Entertainment at its finest vs. Misogyny at its worst


Entertainment at its finest
By Tyran Meredith
Staff Writer
Rockstar Games has done it again.
After the release of “Grand Theft Auto IV,” the company began planning the next installment. Their award-winning, third-person action-adventure is a “sandbox” shooter, a term used to describe open world games. After announcing on Rockstar’s website and Twitter page that the fifth installment was in the works, fans went wild. Predictions and fan-made cover art filled the internet since the announcement, but now it is finally here.
“Grand Theft Auto V” gives a whole new meaning to the phrase, “Do anything you want” without being too much.  It combines excellent writing with superb gameplay mechanics that have brought the “GTA” series to the next level of gaming.
This game has it all. It is a total adrenaline-filled, gut-busting good time. Finally, a game that breaks the limits of conventional gaming and goes all out. Riveting storylines, strategic gameplay, improved shooting controls, and flawless driving mechanics move “GTA V” into a class all its own.
“Grand Theft Auto V” offers an adult-oriented plot and enhanced playability that will hopefully drive more games to re-invent themselves as well. This title offers more of the same gameplay of previous series, but does it with style and finesse that has not been seen in console games for a long time.
Fans will understand what I mean when I say the repetitive days of stealing cars, finding objectives, shooting enemies, and obtaining money are finally over. This game offers a new reason to go play in the sandbox; all new toys, detailed characters, and thrilling missions that stand up amongst the many rival games.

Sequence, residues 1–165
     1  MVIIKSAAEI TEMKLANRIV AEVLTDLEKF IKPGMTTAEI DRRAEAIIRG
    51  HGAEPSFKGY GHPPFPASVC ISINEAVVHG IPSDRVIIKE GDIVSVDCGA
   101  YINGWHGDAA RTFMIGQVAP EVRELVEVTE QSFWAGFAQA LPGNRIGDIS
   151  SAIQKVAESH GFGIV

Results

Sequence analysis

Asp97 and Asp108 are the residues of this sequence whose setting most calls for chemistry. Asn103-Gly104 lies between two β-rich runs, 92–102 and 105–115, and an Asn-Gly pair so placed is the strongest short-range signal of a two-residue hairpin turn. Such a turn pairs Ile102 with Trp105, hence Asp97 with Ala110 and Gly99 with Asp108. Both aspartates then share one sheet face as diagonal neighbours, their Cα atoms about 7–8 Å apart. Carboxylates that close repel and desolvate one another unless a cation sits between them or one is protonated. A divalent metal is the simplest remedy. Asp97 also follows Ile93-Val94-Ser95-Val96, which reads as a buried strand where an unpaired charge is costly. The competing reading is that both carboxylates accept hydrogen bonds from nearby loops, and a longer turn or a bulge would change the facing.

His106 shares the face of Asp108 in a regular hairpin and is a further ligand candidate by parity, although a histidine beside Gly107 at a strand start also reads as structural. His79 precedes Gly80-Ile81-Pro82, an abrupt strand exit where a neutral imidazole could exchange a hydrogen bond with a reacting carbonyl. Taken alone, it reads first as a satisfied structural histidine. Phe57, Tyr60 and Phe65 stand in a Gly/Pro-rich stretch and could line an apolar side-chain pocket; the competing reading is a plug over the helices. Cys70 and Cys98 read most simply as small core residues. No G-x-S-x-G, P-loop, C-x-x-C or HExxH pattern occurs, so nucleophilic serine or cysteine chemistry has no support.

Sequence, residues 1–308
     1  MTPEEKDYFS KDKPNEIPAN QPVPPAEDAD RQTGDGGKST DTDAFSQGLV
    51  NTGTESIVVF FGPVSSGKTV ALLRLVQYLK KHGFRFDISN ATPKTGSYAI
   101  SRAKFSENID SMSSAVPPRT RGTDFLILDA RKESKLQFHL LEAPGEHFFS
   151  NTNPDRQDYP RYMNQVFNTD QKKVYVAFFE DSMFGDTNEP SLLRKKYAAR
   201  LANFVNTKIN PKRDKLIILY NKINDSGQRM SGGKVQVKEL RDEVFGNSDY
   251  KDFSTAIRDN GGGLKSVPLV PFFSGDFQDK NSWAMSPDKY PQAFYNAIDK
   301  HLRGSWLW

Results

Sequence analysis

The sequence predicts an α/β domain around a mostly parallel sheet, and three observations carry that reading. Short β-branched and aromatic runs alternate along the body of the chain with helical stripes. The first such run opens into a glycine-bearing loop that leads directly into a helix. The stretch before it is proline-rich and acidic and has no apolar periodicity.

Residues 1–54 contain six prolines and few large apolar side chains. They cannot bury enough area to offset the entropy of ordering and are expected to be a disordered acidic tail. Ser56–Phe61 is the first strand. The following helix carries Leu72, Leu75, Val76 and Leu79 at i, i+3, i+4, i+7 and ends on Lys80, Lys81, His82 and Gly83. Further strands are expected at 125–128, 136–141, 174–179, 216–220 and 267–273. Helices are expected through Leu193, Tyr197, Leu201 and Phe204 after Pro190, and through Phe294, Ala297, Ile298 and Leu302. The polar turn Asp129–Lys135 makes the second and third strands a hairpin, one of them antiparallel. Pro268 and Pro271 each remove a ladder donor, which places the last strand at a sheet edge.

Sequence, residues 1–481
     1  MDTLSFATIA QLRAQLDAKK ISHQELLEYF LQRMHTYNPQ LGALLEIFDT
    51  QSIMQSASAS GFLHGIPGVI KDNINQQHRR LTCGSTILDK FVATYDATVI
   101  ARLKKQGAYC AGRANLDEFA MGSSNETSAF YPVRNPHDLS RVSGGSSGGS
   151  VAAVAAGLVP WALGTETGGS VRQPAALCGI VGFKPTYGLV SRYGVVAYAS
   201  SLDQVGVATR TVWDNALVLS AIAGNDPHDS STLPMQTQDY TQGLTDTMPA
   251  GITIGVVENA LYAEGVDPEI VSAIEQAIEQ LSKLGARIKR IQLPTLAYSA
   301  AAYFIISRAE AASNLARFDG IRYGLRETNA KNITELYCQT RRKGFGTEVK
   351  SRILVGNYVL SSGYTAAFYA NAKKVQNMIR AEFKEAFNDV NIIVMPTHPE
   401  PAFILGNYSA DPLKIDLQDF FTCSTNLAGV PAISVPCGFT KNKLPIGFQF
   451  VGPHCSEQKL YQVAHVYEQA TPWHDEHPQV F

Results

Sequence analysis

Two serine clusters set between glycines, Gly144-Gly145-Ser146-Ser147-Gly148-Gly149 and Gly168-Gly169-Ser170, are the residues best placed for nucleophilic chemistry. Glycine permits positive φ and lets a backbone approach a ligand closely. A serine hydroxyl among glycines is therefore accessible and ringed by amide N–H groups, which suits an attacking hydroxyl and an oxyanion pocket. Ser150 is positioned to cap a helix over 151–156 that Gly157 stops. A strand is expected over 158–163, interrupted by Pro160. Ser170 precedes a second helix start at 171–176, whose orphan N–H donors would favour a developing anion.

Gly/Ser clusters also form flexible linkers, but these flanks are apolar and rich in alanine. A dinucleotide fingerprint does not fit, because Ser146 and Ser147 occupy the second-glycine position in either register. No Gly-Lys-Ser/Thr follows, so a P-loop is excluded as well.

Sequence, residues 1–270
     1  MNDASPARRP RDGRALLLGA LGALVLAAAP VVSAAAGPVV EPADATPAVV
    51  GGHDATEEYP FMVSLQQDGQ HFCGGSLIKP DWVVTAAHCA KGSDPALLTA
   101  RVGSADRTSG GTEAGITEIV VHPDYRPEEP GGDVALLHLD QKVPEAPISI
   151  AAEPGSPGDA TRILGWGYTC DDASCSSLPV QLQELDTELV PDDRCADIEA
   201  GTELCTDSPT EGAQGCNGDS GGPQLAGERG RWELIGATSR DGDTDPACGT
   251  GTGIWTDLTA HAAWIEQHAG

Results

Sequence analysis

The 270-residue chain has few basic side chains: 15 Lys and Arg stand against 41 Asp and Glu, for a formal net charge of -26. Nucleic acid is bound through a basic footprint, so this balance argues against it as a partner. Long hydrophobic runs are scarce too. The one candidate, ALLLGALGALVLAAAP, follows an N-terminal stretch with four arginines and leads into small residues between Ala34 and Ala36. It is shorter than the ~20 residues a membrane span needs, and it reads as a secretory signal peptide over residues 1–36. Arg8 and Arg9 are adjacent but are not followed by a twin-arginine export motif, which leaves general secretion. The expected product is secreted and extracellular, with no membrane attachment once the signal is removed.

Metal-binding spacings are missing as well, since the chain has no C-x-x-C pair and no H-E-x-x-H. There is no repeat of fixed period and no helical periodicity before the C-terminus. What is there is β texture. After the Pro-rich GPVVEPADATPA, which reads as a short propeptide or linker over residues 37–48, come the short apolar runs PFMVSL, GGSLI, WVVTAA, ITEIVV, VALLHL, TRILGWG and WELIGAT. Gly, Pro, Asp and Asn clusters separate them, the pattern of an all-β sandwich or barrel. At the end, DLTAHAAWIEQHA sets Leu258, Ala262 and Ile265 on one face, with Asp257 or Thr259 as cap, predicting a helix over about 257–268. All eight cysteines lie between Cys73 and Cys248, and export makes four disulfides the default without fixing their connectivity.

Misogyny at its worst
By Emma Carlton
Staff Writer
There is no denying that “Grand Theft Auto V” is a very problematic video game.
Though it is well-made, that does not justify the scenes of violence, specifically against women. From filming a woman having sex without consent to beating a prostitute with a baseball bat, “GTA V” stands out in an explicitly sexist form of media.
The male characters are well-developed, but the female characters are marginalized and one-dimensional. One could argue that it is just a game and not designed to be taken seriously, however, in a society where rape and abuse are real concerns for many women, it seems unnecessary to make light of these situations. Playing “GTA V” has the potential to trigger memories of such experiences for victims.
The “GTA” franchise has always been well-known for being controversial. While the mechanics of the games have progressed greatly since the first installment, the general attitude has not.
The compulsive need to offend is fatiguing. Its shallow attempt at social commentary (like a “hip” coffee shop bragging that its tea exploits the third world or an off-brand Whole Foods store advertising the slogan “shop with superiority”) leave a lot to be desired.
“GTA V” can be compared to recent games that have deeper underlying messages, such as the dystopian principles of “Fallout” or the Ayn Randian undercurrent of “Bioshock.” Great graphics cannot make up for the fact that women are shown solely as sexual objects.
This vapid attempt at satire falls flat of being the cutting edge social critique it has the potential to be.